Freestyling Skateboarding for the Freestyle Contest Season

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This month, I’ve managed to rope your favourite Urban Surfer blogger Ed Bread (Insta: @breadskates) into trying some freestyle skateboarding tricks with myself, Anthony Simm (Insta: @anthonysimmskate).

I’ve known Ed for a few years now, since returning to skateboarding after a 12 year break. Both of us spend a lot of time skating at Dynamix in Gateshead, UK. We both have our own styles, as you may well know by now, Ed is a flowing, cruising skater with a hint of the old-school with his signature sweeper tricks.

My own skateboarding is based off of the original flatland skateboarding made popular in 70s/80s and 90 – freestyle skateboarding. This style of skateboarding is still going strong today with Instagram and Youtube being a popular platform for sharing videos of freestyle tricks – nearly every skateboarder has a freestyle tricks in their pocket, probably without knowing it.

So when Ed and I had a skate last weekend, we thought it would be a fun idea for a blog and video, getting someone new to freestyle to learn a few of the core tricks and basics of freestyle, sharing all the bails and steps on the way to learning them.

Starting the session, we started with the basics – getting into Rail.

Rail is where you are stood on the side of your board, with the edge of your deck on the floor, standing on the side of your wheels. You can do this either toeside or heelside, depending on which way the grip faces (heelside is grip facing your heel). Ed managed this no problem at all! Most people manage this one relatively quickly.

See this tutorial here for another way of getting into rail than the way shown in the video: https://freestyletricktips.com/rail/heelside-rail/

Throughout the video, we tried several tricks, such as nose caspers, tailstop fingerflips, railwhipbacks, and more. After a few attempts, Ed managed his own versions of these tricks – we might make a freestyler of him yet!

However, towards the end, Ed got his own back – he put me to the test with his own oddball tricks.

Starting with a Russian boneless/jimmy whip combination, this not only confused the hell out of me, but I looked like a complete plum copying it. Ed was pretty amused by this and started the next trick with a fakie ‘walk-the-dog’ sequence. I’m going to make a confession here – although this is pretty much one of the basics of freestyle, I’ve never been very good at them – as you can see at my attempt. I’ve always done mine slightly differently by working in a few extra movements. However, it’s given me something to work on!

After a good session, we both came away with a few new tricks and appreciation for the techniques required in each little ‘niche’ of skateboarding.


Now, freestyle skateboarding is going through a modern day revival and is getting a lot of exposure online. I recently wrote a blog post on freestyle skateboarding for Urban Surfer about whether Freestyle skateboarding was dead or not – at the time I failed to mention the huge amount of work put in behind the scenes by people like Stefan Lillis Akesson and many others who kept the scene alive during the quieter times, bringing it back to life to what it is today!

There are many competitions for freestyle with more and more being organised each year, often in conjunction with other skateboarding contests or events.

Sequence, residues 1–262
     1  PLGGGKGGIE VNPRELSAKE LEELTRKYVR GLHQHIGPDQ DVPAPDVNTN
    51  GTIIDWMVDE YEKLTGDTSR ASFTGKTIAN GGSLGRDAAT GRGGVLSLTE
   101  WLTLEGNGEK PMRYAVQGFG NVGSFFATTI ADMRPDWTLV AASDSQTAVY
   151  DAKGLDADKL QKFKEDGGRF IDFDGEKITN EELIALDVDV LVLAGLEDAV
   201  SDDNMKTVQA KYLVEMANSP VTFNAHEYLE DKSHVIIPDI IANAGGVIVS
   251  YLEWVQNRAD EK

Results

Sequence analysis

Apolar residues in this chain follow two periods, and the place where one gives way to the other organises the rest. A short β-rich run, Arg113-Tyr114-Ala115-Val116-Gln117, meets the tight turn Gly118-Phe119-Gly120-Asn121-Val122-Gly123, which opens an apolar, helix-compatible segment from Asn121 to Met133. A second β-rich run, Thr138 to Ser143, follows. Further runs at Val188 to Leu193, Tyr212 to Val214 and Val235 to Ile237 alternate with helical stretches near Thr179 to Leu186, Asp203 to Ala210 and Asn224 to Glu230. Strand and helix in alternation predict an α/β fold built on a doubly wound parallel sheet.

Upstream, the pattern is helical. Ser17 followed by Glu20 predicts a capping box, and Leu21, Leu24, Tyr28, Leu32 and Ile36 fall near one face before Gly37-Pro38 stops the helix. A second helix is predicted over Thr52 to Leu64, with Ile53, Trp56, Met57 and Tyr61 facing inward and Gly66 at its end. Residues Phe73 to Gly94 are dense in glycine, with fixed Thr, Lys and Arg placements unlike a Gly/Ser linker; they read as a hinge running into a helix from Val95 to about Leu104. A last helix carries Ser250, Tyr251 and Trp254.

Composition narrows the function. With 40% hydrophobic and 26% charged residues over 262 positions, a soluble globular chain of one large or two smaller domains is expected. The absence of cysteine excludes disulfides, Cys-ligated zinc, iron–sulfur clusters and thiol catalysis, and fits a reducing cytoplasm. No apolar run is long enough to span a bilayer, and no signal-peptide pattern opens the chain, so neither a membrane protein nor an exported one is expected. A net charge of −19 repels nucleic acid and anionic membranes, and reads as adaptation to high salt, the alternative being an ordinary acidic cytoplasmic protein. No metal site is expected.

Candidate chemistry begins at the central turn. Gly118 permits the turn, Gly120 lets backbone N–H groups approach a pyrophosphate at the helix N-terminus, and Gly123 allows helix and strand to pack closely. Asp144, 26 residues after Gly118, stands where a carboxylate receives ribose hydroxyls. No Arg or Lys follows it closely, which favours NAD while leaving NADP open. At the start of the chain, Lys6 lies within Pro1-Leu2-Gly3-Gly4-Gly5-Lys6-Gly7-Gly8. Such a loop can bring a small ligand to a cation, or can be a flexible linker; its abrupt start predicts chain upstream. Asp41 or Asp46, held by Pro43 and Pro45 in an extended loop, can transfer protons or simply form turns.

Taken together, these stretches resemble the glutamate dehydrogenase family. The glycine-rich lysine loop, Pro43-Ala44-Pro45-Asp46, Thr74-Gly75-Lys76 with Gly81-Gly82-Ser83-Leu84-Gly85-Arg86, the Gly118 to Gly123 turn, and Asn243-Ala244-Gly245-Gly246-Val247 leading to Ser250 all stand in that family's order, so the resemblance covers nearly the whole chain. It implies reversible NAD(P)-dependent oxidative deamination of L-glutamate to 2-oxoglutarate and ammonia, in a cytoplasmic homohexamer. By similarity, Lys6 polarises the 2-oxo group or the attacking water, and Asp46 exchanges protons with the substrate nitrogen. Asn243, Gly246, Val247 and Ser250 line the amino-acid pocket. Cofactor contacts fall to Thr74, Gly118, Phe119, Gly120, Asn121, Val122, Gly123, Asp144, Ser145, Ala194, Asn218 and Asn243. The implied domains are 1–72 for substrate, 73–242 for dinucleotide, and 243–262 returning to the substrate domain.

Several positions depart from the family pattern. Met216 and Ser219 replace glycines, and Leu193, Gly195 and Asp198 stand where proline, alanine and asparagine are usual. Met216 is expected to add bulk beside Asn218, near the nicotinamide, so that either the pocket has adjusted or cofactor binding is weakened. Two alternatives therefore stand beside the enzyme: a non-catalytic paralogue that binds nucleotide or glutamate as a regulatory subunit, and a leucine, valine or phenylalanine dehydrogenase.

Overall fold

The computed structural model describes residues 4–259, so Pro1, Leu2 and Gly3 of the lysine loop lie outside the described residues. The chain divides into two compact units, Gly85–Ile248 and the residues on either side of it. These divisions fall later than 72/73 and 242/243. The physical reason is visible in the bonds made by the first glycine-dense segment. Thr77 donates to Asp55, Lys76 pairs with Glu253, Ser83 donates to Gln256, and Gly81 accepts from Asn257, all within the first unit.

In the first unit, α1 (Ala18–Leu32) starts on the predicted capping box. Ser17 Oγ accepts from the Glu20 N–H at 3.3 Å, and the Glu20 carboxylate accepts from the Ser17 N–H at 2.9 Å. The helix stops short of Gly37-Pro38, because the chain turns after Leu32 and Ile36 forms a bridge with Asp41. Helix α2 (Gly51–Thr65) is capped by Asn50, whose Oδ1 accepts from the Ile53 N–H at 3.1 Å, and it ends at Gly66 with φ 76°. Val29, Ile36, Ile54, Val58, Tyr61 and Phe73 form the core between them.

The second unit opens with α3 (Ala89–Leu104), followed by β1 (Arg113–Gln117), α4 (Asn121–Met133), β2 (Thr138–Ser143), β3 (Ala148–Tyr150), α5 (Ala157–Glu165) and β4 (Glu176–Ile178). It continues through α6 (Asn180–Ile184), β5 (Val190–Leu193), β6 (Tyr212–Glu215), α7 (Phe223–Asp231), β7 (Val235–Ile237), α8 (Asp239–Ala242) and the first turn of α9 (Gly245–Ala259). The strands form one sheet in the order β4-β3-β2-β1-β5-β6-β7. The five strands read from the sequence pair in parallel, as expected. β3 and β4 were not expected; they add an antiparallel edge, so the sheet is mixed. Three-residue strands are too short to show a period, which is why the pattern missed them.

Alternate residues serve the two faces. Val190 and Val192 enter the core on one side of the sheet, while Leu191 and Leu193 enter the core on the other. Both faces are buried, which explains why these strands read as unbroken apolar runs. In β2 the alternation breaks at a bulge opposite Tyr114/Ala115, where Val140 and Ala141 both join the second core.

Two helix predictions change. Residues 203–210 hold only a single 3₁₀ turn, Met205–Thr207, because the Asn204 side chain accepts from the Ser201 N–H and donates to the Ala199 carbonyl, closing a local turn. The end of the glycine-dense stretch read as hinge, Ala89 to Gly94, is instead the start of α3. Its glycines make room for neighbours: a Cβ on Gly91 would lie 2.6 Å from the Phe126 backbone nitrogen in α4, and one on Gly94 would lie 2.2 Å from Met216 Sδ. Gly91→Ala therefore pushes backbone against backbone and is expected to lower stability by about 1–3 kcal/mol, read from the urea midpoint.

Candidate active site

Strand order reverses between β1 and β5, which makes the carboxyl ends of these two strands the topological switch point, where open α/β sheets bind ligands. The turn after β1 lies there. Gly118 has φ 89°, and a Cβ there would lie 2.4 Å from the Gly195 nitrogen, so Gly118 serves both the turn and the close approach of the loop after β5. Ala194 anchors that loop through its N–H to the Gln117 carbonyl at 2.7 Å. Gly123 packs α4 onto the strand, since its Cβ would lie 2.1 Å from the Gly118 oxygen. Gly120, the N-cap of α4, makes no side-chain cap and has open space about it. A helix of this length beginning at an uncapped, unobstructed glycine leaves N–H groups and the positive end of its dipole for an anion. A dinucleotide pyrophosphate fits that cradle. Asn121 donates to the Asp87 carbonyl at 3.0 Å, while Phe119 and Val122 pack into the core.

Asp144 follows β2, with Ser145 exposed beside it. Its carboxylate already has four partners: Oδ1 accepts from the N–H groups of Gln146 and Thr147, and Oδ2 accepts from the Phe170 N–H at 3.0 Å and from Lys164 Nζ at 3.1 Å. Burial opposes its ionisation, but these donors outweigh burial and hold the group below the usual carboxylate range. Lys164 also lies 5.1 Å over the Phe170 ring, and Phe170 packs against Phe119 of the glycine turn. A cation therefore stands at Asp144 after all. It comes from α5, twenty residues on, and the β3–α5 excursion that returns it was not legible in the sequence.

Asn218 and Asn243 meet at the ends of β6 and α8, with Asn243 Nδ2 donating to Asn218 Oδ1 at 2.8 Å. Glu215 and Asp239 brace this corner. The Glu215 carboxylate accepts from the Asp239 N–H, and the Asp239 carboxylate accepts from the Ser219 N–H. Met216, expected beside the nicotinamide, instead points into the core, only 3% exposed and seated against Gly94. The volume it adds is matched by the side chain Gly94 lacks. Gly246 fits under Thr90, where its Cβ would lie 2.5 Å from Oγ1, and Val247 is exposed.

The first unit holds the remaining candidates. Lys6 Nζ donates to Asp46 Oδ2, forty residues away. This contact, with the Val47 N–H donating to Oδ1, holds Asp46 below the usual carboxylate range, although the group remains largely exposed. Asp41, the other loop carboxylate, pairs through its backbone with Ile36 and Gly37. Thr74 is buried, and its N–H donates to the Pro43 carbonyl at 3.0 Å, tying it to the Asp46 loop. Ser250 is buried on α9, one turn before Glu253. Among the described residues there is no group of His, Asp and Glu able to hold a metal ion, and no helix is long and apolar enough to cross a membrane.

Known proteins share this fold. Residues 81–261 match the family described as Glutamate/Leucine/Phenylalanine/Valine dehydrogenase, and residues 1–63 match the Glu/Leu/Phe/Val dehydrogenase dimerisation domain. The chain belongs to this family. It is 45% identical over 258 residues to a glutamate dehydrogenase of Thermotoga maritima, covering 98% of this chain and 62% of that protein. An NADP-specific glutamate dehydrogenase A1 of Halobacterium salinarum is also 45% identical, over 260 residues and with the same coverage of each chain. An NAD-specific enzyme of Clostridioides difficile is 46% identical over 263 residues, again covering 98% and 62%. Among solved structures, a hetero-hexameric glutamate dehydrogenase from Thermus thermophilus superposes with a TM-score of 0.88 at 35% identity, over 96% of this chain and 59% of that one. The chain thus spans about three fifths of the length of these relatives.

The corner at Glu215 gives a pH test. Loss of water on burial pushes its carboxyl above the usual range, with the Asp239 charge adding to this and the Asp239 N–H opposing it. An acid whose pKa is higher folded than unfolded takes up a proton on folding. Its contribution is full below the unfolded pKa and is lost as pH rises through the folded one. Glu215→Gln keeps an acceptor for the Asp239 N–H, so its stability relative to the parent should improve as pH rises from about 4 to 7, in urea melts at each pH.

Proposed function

One of the first of the year was Spring Sessions at 4motion Skatepark in Darlington. This event I organised myself, creating a skateboard-only session for the full day, with 2 competitions – Street and Freestyle. Street was sponsored by Urban Surfer, Native Skatestore and Legacy Skatestore. The freestyle contest was sponsored by Mode Skateboards, Never Enough Streetstore and Moonshine Skateboards. I want to take the opportunity to thank all the sponsors for their prize donations and making the event a great success.

The freestyle competition was the first freestyle contest in the north of England for years and went down a storm. I placed 4th overall which I was really pleased with! Each rider was given 2x 2 minute runs, which were judged out of 100 points total with up to 25 for each category, in Style, Consistency, Variation and Difficulty.

My first run – I’m going to freely admit this was kind of a write off. Obviously the initial nerves of the first run, what to do, what order, what combos etc was in my mind and after missing a trick early on, this got into my head and I missed a few tricks in a row after this. After getting a few tricks back on point, I managed to salvage the run somewhat.

My second run, I was a lot more relaxed. Feeling the flow a little more with my choice of music, I got into a bit of a rhythm and skated pretty well. Despite a few missed tricks, I put together a much better run than my first which pulled my points up. It could have been better if I hadn’t run out of steam towards the end of the run, bailing my usual go-to kickflip to rail combo (I couldn’t even get the kickflip properly and I just gave up!)

To see all the freestyle runs: Spring Sessions – Freestyle Runs Playlist

I’ve got my sights set on the European championships this July 7th 2019 in Paderborn – this is one of the biggest freestyle contests in Europe and bring competitors from all across the globe. I’ll be entering the amateur division and competing against some of the best in the world – it’s going to be a hell of a test of my nerves and skating ability but I’m up for it – it should be a good laugh with plenty shenanigan filled nights on the way, heading across in a convoy with not just my other half, but with the best freestyle skaters the UK has to offer.

Roll on July 7th.

Anthony Simm – Trick Drilling for Freestyle Contest Season



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